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Sudan's military rejects Ramadan ceasefire

Sudanese anti-coup protesters take part in ongoing demonstrations against the military rule in Khartoum, Sudan, Monday, March.14, 2022.   -  
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Marwan Ali/Copyright 2022 The AP. All rights reserved.


Amid escalating tensions in Sudan, General Yasser al-Atta, representing the country's military, has delivered a resolute stance: there will be no ceasefire during the forthcoming Islamic holy month of Ramadan unless certain conditions are met.

This declaration underscores the entrenched conflict between Sudan's armed forces and the paramilitary Rapid Support Forces (RSF), revealing the complexity of the nation's political landscape.

At the heart of the matter lies a crucial demand from the military: the RSF must withdraw from civilian and public spaces, a condition predicated on a commitment forged during mediated talks in Jeddah last May. This stipulation, deemed essential by al-Atta, epitomizes the military's determination to uphold previously established agreements and restore order in the strife-torn nation.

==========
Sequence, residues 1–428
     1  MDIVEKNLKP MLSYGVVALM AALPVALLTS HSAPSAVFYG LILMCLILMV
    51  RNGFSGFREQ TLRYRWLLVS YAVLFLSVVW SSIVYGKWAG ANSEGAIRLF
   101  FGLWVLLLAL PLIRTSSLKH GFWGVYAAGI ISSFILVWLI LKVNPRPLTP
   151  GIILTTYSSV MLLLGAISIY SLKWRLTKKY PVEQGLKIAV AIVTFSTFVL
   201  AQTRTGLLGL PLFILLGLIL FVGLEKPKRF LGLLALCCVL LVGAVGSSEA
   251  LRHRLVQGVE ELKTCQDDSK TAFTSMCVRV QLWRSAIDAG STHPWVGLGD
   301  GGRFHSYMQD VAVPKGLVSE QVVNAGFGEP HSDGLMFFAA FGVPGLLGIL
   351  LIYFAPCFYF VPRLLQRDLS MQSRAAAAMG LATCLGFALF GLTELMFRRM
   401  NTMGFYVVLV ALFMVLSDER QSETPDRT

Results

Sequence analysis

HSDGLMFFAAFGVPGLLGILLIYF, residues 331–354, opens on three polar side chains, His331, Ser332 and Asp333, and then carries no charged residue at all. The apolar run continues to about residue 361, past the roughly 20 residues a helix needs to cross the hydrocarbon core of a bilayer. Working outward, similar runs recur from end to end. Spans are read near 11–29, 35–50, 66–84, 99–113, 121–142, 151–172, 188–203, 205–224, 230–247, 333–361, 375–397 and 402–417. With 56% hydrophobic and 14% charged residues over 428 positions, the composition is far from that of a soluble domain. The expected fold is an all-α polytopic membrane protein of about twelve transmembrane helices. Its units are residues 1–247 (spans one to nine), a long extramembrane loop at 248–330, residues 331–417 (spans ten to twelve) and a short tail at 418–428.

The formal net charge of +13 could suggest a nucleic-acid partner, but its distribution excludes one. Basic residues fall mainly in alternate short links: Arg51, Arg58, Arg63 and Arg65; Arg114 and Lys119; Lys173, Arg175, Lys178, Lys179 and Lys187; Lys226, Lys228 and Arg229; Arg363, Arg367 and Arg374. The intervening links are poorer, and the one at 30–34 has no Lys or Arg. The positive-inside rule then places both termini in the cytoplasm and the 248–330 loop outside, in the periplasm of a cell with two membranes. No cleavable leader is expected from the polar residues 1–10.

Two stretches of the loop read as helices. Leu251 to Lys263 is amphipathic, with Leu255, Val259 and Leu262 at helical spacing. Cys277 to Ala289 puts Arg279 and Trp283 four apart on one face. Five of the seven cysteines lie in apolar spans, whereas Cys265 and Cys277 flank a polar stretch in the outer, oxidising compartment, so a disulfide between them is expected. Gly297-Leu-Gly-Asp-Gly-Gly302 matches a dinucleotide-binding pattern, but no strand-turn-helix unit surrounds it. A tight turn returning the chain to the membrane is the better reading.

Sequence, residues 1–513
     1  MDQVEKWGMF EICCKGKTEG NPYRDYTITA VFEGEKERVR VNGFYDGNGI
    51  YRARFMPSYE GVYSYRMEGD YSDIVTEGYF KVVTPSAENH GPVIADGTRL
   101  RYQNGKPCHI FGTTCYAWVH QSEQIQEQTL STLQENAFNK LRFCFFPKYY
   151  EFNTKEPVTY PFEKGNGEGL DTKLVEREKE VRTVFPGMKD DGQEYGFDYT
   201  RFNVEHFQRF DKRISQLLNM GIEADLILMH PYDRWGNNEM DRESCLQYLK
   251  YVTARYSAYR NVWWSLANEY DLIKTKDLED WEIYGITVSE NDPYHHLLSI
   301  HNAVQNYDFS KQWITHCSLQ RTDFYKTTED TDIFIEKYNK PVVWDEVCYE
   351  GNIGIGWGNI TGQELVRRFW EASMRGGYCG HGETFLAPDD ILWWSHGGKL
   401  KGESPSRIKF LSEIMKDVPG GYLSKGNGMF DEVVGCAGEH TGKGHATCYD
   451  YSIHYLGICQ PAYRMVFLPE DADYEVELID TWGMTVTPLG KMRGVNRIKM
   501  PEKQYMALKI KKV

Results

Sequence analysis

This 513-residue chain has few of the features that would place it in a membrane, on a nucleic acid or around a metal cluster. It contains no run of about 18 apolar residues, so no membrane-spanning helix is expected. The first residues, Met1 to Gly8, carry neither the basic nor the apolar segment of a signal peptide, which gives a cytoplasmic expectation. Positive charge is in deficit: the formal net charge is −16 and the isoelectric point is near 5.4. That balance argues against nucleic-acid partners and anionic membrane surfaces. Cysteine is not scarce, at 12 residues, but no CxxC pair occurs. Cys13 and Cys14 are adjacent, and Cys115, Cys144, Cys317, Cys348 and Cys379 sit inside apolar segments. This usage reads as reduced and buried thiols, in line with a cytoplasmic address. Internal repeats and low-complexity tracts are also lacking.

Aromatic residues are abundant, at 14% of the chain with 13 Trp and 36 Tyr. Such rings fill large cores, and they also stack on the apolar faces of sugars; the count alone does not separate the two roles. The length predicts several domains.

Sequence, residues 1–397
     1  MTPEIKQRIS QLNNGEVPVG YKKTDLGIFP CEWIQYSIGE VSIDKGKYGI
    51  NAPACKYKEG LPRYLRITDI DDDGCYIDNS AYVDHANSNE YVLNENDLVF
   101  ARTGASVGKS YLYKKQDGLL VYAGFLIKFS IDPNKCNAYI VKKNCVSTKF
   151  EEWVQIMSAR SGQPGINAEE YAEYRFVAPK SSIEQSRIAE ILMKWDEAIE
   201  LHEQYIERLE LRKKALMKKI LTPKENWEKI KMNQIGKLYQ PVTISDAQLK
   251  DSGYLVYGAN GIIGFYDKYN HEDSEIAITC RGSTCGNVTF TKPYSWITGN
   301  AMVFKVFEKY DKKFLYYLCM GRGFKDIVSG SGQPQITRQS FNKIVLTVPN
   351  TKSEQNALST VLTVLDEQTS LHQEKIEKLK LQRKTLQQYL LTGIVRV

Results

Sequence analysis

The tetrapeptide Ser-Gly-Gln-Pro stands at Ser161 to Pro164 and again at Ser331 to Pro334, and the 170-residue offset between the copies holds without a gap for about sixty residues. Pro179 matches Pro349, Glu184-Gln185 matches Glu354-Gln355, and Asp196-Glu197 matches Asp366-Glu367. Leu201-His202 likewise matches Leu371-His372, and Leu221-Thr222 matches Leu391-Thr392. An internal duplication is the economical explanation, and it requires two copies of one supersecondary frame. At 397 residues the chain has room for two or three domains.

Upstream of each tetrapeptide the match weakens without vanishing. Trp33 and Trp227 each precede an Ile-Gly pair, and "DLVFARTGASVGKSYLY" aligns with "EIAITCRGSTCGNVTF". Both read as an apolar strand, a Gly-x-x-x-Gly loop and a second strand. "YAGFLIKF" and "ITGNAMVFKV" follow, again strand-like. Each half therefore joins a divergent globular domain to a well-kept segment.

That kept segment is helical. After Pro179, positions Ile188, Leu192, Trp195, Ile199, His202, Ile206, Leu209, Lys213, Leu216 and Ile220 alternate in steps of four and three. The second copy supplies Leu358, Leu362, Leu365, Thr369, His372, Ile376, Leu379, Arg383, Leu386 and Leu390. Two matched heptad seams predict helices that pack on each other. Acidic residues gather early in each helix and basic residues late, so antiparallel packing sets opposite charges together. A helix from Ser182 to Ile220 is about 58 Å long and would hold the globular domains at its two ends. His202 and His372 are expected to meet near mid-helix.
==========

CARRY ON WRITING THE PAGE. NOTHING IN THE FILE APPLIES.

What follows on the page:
The conflict between the army and the RSF erupted in mid-April 2023, sparked by disagreements over the trajectory of Sudan's transition to civilian rule. Since then, the fighting has exacted a heavy toll on the country, leaving swathes of land ravaged, communities displaced, and infrastructure decimated. While the RSF initially gained ground, recent reports suggest a potential shift in momentum, with the army making strategic advancements, particularly in regions like Omdurman.

However, the road to peace remains fraught with challenges. The RSF's response to the military's demands remains uncertain, and previous attempts to broker ceasefires have faltered in the face of deep-rooted animosities and power struggles. Moreover, the humanitarian crisis unfolding in Sudan demands urgent attention, with millions of civilians grappling with displacement, hunger, and deprivation.

International actors, including the United Nations and the United States, have condemned the violence and urged all parties to prioritize peace and humanitarian assistance. Yet, achieving lasting reconciliation in Sudan requires navigating a complex interplay of political dynamics, ethnic tensions, and humanitarian imperatives.

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